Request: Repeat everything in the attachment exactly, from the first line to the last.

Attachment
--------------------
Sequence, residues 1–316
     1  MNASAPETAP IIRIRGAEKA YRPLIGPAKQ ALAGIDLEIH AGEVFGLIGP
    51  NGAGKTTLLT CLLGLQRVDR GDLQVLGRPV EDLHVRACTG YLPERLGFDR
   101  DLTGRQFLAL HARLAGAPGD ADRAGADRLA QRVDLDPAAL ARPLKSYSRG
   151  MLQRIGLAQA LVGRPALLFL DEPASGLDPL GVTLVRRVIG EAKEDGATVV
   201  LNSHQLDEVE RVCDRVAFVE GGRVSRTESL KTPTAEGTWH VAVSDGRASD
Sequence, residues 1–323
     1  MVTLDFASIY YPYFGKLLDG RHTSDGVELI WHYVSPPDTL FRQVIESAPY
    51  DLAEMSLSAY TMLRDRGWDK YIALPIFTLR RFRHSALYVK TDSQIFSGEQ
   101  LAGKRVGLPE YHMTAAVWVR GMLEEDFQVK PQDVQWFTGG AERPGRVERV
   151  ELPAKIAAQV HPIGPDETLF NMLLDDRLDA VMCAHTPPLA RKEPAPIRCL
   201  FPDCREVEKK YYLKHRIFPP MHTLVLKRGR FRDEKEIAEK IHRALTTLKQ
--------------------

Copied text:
Sequence, residues 1–316
     1  MNASAPETAP IIRIRGAEKA YRPLIGPAKQ ALAGIDLEIH AGEVFGLIGP
    51  NGAGKTTLLT CLLGLQRVDR GDLQVLGRPV EDLHVRACTG YLPERLGFDR
   101  DLTGRQFLAL HARLAGAPGD ADRAGADRLA QRVDLDPAAL ARPLKSYSRG
   151  MLQRIGLAQA LVGRPALLFL DEPASGLDPL GVTLVRRVIG EAKEDGATVV
   201  LNSHQLDEVE RVCDRVAFVE GGRVSRTESL KTPTAEGTWH VAVSDGRASD
Sequence, residues 1–323
     1  MVTLDFASIY YPYFGKLLDG RHTSDGVELI WHYVSPPDTL FRQVIESAPY
    51  DLAEMSLSAY TMLRDRGWDK YIALPIFTLR RFRHSALYVK TDSQIFSGEQ
   101  LAGKRVGLPE YHMTAAVWVR GMLEEDFQVK PQDVQWFTGG AERPGRVERV
   151  ELPAKIAAQV HPIGPDETLF NMLLDDRLDA VMCAHTPPLA RKEPAPIRCL
   201  FPDCREVEKK YYLKHRIFPP MHTLVLKRGR FRDEKEIAEK IHRALTTLKQ